Aug. 22 (UPI) -- As much as 6 inches of rain is expected in south Texas, with as much as 10 inches forecast for Mexico, as Tropical Storm Harold hits the region.
Harold made landfall early Tuesday on Padre Island off the coast of Texas. After Emily dissolved late Monday, there are four other storms brewing in the Atlantic, putting an end to what's so far been a quiet hurricane season.
In a final advisory on Tuesday, National Hurricane Center forecasters said heavy rainfall continues to be expected across wide areas of South Texas through Wednesday. Flash-flooding in parts of Mexico's Coahuila and northern Nuevo Leon could lead to possible landslides in mountain regions, they added.
Parts of south Texas can expect to see as much as 6 inches of rain by Wednesday, while parts of Mexico could get closer to 10 inches of rain.
That comes as what's left of the Pacific storm system Hilary moved east toward Nevada.
President Joe Biden said Tuesday his administration is monitoring the remains of the storm system and responding with aid.
"I continue to be briefed on Tropical Storm Harold and its potential impacts on South Texas," Biden said in a statement released from the White House. "At my direction, FEMA pre-deployed personnel to Texas to assist state and local officials and to coordinate on any requests for resources should federal assistance be required. FEMA has also made preparations to surge personnel and resources, if needed."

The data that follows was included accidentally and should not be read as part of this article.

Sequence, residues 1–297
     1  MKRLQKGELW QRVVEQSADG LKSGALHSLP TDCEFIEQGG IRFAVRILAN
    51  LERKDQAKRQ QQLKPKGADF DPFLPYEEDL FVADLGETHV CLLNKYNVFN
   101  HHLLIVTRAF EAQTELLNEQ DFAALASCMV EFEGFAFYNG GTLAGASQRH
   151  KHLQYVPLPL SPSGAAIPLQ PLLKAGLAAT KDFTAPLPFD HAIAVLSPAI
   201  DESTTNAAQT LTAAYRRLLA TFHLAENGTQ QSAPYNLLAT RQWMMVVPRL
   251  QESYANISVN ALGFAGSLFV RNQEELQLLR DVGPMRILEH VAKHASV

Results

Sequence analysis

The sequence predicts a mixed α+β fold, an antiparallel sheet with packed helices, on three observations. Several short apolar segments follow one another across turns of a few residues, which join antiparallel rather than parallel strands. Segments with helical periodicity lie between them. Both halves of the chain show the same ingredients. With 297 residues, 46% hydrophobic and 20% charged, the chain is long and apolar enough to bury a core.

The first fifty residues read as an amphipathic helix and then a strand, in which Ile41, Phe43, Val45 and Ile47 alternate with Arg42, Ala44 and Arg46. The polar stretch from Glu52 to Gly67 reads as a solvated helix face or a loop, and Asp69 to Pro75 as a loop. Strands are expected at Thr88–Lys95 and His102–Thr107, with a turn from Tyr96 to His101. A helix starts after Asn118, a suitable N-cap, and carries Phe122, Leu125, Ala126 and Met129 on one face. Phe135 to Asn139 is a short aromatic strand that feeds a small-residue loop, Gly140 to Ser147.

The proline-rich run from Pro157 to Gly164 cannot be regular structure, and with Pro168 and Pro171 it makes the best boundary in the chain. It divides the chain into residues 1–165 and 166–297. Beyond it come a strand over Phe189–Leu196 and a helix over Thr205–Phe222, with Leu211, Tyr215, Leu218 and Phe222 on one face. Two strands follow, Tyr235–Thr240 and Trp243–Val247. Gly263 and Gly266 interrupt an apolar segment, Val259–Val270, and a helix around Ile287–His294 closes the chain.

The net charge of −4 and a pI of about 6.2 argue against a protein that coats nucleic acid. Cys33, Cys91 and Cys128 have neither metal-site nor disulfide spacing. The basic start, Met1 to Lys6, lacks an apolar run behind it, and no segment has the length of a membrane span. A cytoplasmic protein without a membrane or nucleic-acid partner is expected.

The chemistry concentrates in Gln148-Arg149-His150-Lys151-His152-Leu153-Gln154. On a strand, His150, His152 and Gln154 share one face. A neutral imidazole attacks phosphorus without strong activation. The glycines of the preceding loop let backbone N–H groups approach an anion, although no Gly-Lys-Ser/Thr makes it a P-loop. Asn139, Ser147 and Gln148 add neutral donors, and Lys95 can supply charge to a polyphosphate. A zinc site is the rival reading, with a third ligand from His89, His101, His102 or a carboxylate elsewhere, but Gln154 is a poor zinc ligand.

Biden said he also had been briefed on Tropical Storm Franklin and had directed FEMA to pre-deploy personnel and resources to Puerto Rico and the U.S. Virgin Islands.
Apart from Harold's heavy rains and sustained winds of about 50 mph, the National Hurricane Center warned of "life-threatening" surf and tidal conditions along the shore of the Gulf of Mexico.
Harold was moving north, northwest at around 20 mph and tropical storm warnings were watches are in effect for much of the region.
"Interests elsewhere in eastern Texas and northern Mexico should monitor the progress of this system," the forecast read.
The storm comes with something of a silver lining as temperatures are expected to fall toward 90 degrees Fahrenheit. Highs topping 105 degrees are expected by Thursday, however.
Harold is expected to weaken as it moves further inland.
None of the remaining storms in the Atlantic are expected to pose a serious threat to the U.S. mainland.